Making the Most of Leadership Transitions

Change is challenging for most people – and most organizations.

Changes in leadership, at any level in an organization, can be a time of turbulence, but also a time of opportunity. Leadership transitions often represent significant moments for the people who work for, or work with, a departing leader.

In my experience, many of these transitions – particularly when they involve a voluntary departure (a new role, transfer to another project team or work unit, or retirement, for example) – are not handled well. When organizations should be investing in the process and the people directly impacted by the change, few companies take the transition seriously enough.

To ensure that that these transitions are given the attention they deserve, it’s helpful to think about the transition in three key phases: endings, neutral zone, and new beginnings.

phase 1 - endingsPhase 1 – Endings

In this crucial first stage, organizations must take the following steps to set the stage for a smooth transition:

  • Clarify and confirm the key steps and timing related to departure of the incumbent leader. This should be well-communicated across the department and organization to avoid surprises and establish clear expectations.
  • Communicate with key stakeholders about the departure, including background, rationale and proposed next steps. Key stakeholders can include board members, investors, the management team and employees.
  • Manage the work until exit to ensure continuity and consistency.
  • Ensure knowledge-sharing is taking place with any interim or acting leader so that key priorities don’t get missed or delayed.
  • Work with the team and other employees to discuss their thoughts, including concerns about a gap in leadership, a new style of leader, and other concerns or questions.
  • Recognize and celebrate the contributions of the departing leader. While the tendency can be to focus on finding someone new immediately, it is important to acknowledge the incumbent’s work and to find time for celebration.

phase 2 - neutral zonePhase 2 – Neutral Zone

This phase can be glossed over sometimes, but it’s important to focus on this neutral zone, the time following the departure of the previous leader and before the start of the new hire. To succeed in the neutral zone, organizations must:

  • Name and support any interim leader and make it clear what this individual is responsible for.
  • Manage the existing and anticipated workload to ensure nothing gets lost in the process.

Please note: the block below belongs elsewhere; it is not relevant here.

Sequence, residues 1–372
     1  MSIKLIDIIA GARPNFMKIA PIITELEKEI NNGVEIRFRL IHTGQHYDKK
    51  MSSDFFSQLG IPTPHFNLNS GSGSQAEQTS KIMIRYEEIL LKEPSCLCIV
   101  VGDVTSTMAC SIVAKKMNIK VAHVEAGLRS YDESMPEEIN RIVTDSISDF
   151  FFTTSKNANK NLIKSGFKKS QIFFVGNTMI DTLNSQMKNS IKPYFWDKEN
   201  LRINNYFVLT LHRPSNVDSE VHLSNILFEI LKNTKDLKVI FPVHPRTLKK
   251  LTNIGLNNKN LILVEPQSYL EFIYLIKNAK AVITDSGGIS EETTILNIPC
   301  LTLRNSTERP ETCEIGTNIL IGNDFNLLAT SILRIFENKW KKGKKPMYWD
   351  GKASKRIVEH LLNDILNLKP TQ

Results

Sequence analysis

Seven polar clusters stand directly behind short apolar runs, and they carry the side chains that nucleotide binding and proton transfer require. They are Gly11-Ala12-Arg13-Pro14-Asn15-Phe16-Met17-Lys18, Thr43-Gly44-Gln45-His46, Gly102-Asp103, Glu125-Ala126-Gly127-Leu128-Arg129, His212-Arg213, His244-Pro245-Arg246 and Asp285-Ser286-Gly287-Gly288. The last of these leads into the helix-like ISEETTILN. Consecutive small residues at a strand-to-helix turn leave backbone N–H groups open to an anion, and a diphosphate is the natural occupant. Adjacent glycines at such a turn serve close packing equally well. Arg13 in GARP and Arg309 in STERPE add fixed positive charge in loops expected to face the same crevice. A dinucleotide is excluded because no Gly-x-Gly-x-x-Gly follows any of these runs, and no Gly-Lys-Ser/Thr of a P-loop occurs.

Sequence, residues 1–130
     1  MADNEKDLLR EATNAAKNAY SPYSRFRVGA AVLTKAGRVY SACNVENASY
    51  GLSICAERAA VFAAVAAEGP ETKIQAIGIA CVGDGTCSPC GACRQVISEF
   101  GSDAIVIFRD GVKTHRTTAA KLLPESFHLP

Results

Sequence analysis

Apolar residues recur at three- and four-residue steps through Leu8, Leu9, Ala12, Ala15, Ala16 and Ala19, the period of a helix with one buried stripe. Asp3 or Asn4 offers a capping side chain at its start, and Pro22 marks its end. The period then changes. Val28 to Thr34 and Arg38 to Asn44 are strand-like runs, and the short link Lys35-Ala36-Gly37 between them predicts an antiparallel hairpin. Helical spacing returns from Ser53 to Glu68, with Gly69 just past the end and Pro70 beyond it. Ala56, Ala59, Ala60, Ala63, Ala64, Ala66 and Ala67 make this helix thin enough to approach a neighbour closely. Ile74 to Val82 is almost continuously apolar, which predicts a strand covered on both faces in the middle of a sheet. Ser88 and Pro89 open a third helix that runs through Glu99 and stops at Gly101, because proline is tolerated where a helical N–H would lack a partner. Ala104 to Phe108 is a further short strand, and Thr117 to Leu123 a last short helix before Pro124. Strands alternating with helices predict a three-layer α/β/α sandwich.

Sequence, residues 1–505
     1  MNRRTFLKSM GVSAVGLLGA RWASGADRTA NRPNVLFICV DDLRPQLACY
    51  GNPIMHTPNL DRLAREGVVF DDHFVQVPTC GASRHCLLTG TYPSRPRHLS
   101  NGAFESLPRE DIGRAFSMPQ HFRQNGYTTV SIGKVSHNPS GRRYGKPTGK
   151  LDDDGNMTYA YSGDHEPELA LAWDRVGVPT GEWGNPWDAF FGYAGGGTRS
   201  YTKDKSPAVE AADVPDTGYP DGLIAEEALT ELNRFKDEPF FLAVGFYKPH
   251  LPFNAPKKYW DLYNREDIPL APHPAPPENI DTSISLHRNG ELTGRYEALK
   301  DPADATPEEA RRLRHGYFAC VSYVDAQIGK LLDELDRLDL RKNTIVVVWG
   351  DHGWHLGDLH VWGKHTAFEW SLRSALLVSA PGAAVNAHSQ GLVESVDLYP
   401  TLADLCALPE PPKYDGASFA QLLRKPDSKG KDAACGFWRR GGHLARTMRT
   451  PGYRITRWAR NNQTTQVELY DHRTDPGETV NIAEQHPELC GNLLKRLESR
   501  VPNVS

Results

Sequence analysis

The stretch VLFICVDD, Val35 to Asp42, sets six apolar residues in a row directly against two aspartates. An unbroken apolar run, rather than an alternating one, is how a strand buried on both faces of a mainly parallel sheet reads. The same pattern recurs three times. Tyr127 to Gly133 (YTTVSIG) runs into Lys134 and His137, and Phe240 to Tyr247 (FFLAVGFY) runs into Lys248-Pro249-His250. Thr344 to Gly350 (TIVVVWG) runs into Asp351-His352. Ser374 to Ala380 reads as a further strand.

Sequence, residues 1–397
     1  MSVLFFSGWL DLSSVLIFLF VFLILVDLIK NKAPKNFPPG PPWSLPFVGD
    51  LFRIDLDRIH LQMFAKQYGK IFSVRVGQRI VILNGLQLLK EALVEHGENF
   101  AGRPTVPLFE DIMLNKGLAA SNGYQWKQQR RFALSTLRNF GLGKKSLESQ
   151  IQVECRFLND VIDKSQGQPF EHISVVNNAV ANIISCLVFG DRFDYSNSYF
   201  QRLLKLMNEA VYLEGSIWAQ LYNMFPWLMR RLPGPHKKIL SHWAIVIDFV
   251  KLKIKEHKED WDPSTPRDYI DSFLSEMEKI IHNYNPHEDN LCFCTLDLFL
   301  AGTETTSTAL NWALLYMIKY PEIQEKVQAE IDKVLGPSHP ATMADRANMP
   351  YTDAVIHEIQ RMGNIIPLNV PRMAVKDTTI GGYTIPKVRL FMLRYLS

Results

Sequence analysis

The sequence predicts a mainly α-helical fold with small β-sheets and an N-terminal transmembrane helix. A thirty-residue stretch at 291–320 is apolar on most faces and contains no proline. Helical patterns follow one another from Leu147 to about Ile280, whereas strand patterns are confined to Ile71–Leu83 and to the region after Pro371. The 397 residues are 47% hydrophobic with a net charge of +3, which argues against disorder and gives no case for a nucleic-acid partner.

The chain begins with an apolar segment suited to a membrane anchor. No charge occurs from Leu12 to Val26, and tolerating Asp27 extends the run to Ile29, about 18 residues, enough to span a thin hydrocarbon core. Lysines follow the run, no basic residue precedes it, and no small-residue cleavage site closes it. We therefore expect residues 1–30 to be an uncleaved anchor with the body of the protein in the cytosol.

• Communicate with key stakeholders about the ongoing hiring process and progress.
  • Guide and support the current leadership team as needed.
  • Maintain key linkages to the organization.

phase 3 - new beginningsPhase 3 – New Beginnings

Once a new leader has been named, an organization should set a welcoming tone and monitor the new beginnings with the following steps:

  • Communicate with key stakeholders about the new leader, his/her background, and initial priorities.
  • Manage personal reactions to transition among team members.
  • Introduce and orient the new leader within the organization (e.g. staff, stakeholders, key opportunities/challenges, strategic priorities).
  • Review/reconfirm operational priorities such as key projects, and processes.
  • Help the new leader build interpersonal relationships with colleagues and key external stakeholders.
  • Develop the new leadership team, recognizing that it will be somewhat different than the team that preceded it.

When done intentionally, each distinct phase can help shape organizational change for the better. While leadership transition is rarely easy, if done well it can lead to much stronger individual, team and organizational performance.

About The Author

Scott Borland, Founder & President of CYGNUS Management Consultants Inc, , is a recognized expert in helping executives host strategic conversations and obtain high impact feedback. He brings insightful perspective and proven strategies to strengthen the alignment between strategy and leadership behaviour. Scott has presented frequently at regional/national conferences and is a regular contributor to online journals/blogs. Follow Scott on Twitter or add him as a connection on LinkedIn.

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